On reform, both parties should start by looking inward
Opdycke is president of Open Primaries, which advocates for nonpartisan primaries open to all voters.
End Citizens United, a political action committee, is urging Democratic presidential contenders to champion anti-corruption to defeat President Trump. Tom Steyer's entry into the race may help bolster this argument. His launch video stresses the importance of addressing voter frustration with big party and big money control: "Really what we are trying to do is make democracy work by pushing power down to the people."
"It's key to winning back independents, the kind of independents that Democrats have lost over the last couple cycles," Adam Bozzi, vice president for communications at End Citizens United, told Politico. "It's a jump ball: Voters don't know who to trust, whether it's Trump or a Democrat, on this issue."
There are reasons that voters — most especially independents — don't know who to trust to "drain the swamp."
The biggest lack of trust is that politicians, including those who speak out on reform, are consistently silent on the corruption within their own parties.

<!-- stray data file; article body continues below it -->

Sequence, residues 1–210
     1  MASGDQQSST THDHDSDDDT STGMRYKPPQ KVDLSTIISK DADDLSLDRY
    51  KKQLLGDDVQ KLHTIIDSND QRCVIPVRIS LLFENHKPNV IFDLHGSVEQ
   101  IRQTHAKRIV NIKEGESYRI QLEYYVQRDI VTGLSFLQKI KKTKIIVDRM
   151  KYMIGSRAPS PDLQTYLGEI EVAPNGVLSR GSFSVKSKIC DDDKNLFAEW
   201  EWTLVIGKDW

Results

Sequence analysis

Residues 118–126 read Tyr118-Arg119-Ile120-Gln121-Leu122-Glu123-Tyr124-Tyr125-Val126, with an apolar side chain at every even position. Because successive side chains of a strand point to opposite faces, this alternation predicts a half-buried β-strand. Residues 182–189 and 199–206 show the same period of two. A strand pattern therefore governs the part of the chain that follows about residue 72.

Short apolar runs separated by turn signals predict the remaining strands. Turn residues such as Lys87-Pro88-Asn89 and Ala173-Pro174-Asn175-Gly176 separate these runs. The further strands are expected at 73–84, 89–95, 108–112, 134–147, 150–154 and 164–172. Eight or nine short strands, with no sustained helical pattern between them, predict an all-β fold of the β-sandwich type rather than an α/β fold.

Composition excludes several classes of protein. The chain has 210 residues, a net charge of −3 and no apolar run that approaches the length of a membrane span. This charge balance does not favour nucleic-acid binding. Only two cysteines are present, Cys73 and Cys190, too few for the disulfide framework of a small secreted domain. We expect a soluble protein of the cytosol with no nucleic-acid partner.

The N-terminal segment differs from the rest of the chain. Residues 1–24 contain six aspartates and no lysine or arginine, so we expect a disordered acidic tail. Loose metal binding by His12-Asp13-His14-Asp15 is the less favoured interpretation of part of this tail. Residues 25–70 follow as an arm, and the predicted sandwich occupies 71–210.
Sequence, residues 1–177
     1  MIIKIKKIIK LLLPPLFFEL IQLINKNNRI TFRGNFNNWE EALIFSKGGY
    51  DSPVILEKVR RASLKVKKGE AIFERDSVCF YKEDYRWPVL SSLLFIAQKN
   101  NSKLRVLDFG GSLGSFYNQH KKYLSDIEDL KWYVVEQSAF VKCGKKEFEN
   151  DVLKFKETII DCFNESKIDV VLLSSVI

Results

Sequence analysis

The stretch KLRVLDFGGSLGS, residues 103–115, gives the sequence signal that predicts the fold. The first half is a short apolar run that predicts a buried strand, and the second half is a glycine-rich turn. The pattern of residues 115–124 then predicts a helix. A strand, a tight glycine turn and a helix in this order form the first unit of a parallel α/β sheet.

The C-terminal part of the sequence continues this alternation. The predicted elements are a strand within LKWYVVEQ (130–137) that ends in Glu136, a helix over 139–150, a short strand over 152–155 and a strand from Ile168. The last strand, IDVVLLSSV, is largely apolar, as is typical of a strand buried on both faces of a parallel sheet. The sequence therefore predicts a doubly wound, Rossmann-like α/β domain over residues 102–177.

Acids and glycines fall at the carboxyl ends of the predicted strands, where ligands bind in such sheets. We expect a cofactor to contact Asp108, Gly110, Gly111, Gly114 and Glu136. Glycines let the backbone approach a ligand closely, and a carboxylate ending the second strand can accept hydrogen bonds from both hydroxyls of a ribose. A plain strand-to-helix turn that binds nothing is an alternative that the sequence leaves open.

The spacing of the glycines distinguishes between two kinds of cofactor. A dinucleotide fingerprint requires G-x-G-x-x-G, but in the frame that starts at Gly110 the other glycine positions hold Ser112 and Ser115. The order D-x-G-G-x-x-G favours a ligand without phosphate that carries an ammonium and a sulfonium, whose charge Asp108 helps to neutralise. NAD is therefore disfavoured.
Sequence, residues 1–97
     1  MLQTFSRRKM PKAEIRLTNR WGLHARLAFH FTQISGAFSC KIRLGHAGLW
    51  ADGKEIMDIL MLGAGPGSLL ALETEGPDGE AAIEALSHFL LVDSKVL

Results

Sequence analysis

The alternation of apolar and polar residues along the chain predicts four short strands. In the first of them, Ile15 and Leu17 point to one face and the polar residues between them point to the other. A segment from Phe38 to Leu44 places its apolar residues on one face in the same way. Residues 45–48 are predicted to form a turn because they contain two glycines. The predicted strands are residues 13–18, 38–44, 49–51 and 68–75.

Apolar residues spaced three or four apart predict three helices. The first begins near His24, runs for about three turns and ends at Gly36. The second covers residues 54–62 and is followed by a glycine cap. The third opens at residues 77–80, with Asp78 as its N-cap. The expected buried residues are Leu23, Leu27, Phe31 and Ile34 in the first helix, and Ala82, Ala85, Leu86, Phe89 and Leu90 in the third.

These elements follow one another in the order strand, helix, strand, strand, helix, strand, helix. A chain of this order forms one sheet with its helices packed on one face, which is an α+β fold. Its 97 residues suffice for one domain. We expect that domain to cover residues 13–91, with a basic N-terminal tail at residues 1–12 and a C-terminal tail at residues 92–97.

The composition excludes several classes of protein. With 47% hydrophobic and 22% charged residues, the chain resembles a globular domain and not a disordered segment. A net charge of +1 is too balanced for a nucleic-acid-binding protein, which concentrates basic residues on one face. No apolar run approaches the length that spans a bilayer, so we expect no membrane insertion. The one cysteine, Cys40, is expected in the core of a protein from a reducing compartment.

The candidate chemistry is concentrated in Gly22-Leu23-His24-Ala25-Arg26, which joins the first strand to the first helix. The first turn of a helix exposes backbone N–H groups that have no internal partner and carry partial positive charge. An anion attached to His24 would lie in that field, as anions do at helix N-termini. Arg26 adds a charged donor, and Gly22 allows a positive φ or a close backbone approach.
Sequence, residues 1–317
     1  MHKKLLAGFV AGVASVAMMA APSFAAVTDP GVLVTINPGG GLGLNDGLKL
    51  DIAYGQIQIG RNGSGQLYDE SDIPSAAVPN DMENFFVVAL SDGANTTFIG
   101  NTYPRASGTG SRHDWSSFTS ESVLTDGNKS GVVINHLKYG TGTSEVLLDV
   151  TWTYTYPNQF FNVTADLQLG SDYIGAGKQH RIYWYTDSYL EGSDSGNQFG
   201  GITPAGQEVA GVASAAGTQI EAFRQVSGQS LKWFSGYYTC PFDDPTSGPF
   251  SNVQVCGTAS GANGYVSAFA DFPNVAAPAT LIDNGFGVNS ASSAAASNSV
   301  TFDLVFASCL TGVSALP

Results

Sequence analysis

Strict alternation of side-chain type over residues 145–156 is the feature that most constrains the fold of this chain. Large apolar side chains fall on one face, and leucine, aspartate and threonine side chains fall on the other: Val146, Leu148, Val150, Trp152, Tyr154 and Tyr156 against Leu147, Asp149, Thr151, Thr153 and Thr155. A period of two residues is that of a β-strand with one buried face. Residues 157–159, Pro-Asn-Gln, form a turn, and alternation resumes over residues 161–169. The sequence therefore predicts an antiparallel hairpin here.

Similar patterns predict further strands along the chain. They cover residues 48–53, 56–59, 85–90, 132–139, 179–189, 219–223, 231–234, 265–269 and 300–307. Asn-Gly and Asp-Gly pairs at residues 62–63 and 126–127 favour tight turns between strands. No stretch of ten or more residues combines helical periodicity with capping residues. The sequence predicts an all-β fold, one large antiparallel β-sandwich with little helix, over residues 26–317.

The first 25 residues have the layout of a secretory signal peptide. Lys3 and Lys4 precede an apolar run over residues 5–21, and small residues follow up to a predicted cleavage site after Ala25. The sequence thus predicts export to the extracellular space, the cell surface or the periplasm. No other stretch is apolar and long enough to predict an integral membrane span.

Take HR 1, the omnibus bill passed by the new Democratic-led House earlier this year. The bill contains many positive measures designed to increase voter access. It's more notable for what it doesn't contain, namely anything that might broaden the electorate and increase the access and influence of non-Democrats.
An astonishing 26 million independent voters will be barred from casting a ballot in the 2020 presidential primaries. In crucial states like Florida, Pennsylvania, Arizona and New York, the Democratic Party has been largely silent on the exclusion of millions of independents from taxpayer-funded elections, even as they demand campaign finance reform and champion changes to make it easier for Democrats to cast ballots.
Not a single Democrat said, "Hey, people won't believe us if the only reforms we push are those that will benefit our voters!" It's easy to see why independents don't know who to trust.
The Republicans are no better. Trump campaigned on draining the swamp. That promise has been reduced to attacking economic and environmental regulations, not advocating for voter empowerment or ending party control of government. The "swamp" has been redefined, not drained. GOP legislators are undermining voter-enacted reforms in Missouri, Florida and Michigan, and Trump's team is plotting how to limit voter involvement in the buildup to 2020. Numerous state GOP organizations are planning to cancel their presidential primaries altogether.
It's positive that End Citizens United is educating Democratic contenders about how attuned independent voters are to issues of process, democracy and reform. Other Democratic leaders, like Jane Kleeb, the chairwoman of the party in Nebraska, and Aaron McKinney of the Miami-Dade County, advocate for letting independent voters participate in the 2020 presidential primaries. But the dominant approach is to push reform from a partisan perspective.